2012 Annual Report
1a.Objectives (from AD-416):
The objectives of this project will be: .
1)to identify and assess the impact and phenology of indigenous brown marmorated stink bug (BMSB) natural enemies in specialty crops;.
2)to evaluate the host range and efficacy of imported Asian natural enemies of BMSB;.
3)integrate biological control research findings with other management tools to form and deliver practical outcomes for stakeholders.
1b.Approach (from AD-416):
The BMSB, Halyomorpha halys (Stal), is an invasive insect native to China, Taiwan, Korea, and Japan that was introduced into the US in the mid 1990s. Damage in affected crops has now reached critical levels with some growers losing their entire crops. Preliminary research showed that native natural enemy activity against BMSB is minimal, but this needs to be verified across a broad range of habitat types. Field surveys will be conducted in conjunction with cooperators in various impacted crops and associated natural habitats to identify and quantify the impact (or lack of impact) of BMSB natural enemies in impacted regions of the U.S. In addition, imported Asian natural enemies of BMSB obtained through foreign exploration will be evaluated in quarantine to determine their host range, efficacy, and safety as potential classical biological control agents for introduction into the U.S. Natural enemies for which release permits can be obtained will be released for establishment against BMSB in conjunction with cooperators in impacted regions.
We maintained a robust colony of BMSB year-round to support the host range studies, and distributed information on rearing methods to various cooperators. We also provided live BMSB adults to several cooperators to help them establish research cultures. We collected a variety of native pentatomids in the field and initiated colonies of 16 species to support the host-specificity testing. We provided information to cooperators to help them apply for interstate shipment permits to receive exotic BMSB agents from ARS Newark’s quarantine. We sent a supply of BMSB eggs parasitized by T. halyomorphae to Florida and Oregon state cooperators and an ARS Stoneville MS cooperator to help them establish research cultures. Progress continued on host specificity testing already underway at the ARS BIIR Newark laboratory. We continued no-choice & initiated choice testing on egg masses obtained from a variety of resident stink bug species collected locally and exposed to the Asian Trissolcus species in our quarantine.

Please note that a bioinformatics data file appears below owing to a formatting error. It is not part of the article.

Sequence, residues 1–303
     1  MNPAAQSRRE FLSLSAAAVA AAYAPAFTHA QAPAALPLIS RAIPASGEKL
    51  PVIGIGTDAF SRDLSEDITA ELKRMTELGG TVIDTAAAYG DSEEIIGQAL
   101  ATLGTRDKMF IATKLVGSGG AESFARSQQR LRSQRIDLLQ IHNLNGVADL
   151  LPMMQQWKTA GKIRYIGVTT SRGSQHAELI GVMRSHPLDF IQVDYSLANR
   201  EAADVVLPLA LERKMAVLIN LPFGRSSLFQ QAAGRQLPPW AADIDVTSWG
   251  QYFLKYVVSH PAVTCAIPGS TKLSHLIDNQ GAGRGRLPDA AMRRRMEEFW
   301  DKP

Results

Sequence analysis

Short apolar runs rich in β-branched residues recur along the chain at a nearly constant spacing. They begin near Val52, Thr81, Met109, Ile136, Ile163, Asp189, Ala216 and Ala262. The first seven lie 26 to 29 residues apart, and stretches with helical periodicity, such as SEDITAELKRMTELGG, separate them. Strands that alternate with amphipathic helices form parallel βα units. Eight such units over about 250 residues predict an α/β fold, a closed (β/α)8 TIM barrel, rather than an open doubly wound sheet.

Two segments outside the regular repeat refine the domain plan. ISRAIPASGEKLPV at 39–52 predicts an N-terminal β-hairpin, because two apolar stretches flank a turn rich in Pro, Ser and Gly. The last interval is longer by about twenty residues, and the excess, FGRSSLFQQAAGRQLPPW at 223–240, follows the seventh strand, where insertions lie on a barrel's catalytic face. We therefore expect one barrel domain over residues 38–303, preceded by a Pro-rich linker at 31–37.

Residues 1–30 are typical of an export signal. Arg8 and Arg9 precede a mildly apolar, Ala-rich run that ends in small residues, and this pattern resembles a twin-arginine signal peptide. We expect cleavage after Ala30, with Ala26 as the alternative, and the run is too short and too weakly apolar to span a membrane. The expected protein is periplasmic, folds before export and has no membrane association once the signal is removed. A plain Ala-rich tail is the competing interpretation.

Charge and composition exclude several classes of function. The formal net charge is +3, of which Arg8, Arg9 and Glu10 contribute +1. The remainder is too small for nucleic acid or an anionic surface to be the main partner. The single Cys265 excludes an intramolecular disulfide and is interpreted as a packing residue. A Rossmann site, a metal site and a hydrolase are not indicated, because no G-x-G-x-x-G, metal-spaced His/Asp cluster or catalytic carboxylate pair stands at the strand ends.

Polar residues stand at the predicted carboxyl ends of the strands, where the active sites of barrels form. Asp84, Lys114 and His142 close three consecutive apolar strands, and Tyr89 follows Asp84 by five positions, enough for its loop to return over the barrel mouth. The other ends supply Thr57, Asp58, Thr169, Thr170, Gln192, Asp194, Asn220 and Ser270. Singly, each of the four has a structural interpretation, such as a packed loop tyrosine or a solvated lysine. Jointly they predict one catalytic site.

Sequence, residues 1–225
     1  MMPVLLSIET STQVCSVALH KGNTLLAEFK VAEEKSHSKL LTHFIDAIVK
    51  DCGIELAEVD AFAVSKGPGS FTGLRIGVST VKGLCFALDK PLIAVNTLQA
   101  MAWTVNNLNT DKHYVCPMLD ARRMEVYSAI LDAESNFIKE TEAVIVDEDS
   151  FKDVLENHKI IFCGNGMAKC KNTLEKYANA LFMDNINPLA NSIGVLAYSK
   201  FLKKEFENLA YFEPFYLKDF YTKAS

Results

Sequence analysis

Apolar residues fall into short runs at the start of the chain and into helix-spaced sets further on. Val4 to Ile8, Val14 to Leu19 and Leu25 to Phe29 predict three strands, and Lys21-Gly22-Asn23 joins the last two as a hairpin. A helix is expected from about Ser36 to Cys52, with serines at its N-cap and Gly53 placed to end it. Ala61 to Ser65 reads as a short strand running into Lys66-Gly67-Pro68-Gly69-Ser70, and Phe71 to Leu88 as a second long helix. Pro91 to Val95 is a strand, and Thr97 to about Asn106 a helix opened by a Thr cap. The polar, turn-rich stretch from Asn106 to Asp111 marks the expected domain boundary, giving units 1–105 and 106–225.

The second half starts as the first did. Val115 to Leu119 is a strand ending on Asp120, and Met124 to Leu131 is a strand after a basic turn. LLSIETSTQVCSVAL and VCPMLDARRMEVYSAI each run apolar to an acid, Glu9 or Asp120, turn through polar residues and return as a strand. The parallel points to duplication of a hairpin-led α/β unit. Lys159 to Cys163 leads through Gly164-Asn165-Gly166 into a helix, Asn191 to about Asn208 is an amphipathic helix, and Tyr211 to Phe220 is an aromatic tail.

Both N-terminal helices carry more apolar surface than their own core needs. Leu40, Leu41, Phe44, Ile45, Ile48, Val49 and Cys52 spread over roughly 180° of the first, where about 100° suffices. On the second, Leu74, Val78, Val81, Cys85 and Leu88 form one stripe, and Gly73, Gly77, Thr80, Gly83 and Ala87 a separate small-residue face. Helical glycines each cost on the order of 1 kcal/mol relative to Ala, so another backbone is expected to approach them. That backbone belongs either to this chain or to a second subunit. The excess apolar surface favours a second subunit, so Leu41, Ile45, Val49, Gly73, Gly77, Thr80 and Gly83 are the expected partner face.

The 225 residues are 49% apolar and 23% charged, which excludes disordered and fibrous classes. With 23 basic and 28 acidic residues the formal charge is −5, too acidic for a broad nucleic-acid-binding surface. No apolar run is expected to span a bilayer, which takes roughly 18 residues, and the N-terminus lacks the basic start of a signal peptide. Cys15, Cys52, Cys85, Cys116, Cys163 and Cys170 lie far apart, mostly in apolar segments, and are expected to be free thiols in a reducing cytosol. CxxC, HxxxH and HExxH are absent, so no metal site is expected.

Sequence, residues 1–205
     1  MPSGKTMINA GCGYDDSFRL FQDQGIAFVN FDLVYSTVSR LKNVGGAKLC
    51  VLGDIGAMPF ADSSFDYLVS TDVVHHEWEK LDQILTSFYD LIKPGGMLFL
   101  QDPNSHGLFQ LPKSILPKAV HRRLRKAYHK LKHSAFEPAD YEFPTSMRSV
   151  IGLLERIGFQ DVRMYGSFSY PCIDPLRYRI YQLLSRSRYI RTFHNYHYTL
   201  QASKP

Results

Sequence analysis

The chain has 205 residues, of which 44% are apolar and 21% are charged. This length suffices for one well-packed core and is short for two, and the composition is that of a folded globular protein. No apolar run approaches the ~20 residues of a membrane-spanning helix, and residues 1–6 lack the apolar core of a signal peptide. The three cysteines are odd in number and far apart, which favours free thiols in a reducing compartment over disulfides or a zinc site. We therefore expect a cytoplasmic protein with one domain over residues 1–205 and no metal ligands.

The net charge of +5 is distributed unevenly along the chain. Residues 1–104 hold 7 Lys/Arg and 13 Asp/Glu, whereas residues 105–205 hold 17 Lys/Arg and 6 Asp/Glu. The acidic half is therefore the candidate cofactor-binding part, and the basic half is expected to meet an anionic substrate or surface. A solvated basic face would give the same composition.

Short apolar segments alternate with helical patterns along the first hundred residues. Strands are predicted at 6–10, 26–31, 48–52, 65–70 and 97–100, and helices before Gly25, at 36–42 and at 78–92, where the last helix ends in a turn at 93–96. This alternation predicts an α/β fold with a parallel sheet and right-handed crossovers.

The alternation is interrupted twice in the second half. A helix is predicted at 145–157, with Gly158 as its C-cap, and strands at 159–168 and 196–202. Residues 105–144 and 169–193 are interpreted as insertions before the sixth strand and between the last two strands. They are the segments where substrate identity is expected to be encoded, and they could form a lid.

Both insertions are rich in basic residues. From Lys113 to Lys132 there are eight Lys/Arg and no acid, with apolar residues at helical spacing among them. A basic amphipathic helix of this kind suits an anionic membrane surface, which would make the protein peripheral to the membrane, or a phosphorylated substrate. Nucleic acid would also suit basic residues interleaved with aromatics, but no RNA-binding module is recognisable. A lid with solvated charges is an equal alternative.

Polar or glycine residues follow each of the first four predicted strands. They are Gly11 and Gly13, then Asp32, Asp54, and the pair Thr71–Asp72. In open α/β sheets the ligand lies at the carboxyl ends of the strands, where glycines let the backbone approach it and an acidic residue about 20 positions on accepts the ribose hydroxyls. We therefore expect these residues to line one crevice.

We continued a 7-year survey for native natural enemies attacking BMSB on trees and shrubs in the mid-Atlantic states. Trends in native natural enemy impact have not changed over the course of the study and continue to show very low levels of parasitism in this environment. No new native parasitoid species were identified that had not already been seen in previous years’ surveys.
Foreign exploration in Asia has already resulted in the discovery of several candidate species of BMSB natural enemies that are now maintained in laboratory cultures at our Newark ARS laboratory, where they are being evaluated to determine their efficacy and host range under quarantine rearing conditions. During August 2012 the PI visited Korea and Japan to meet stink bug researchers in these countries and collect additional BMSB parasitoids. Natural enemy host range evaluations were continued by testing a representative group of non-target species. We are also rearing several native BMSB parasitoid species here in Newark for comparative studies of the efficacy of exotic and native parasitoid species and their potential interactions (interference competition, etc.).
To conclusively identify the Asian BMSB parasitoids, we initiated research in collaboration with the ARS European Biological Control Laboratory to develop molecular “barcode” primers that will help to determine the number of different species and identify the presence of cryptic species, and with the ARS Systematic Entomology Laboratory to make necessary taxonomic revisions of the genus Trissolcus, to which these species belong. We also worked with the Systematic Entomology Laboratory and the Oregon State Department of Agriculture Imaging Laboratory to obtain high-resolution photographs to illustrate morphological characters useful for species identifications. Reliable identifications help us to ensure the purity of our research rearing cultures and will be required for eventual petitions for field release of candidate biological control agents.
Our outreach activities for this agreement include (1) development of protocols for field surveys to measure the occurrence of, and impact of, parasitism for use by researchers at other locations, provision of laboratory cultures and rearing techniques and protocols to other researchers to start their own research colonies of BMSB and natural enemies, and (3) assistance in identifying the species of natural enemies that attack BMSB, especially parasitoid wasps. During spring of 2012 we sponsored a workshop in Newark for project cooperators on the identification of BMSB parasitoids. Twenty-four researchers and graduate students from across North America attended. They received identification keys for natural enemies and practiced making identifications using unknown specimens. Participants thought the workshop was useful, and there is considerable interest in repeating the workshop at a later date to accommodate those who were not able to attend this one. Information presented at the workshop will also be posted on the NE IPM BMSB website.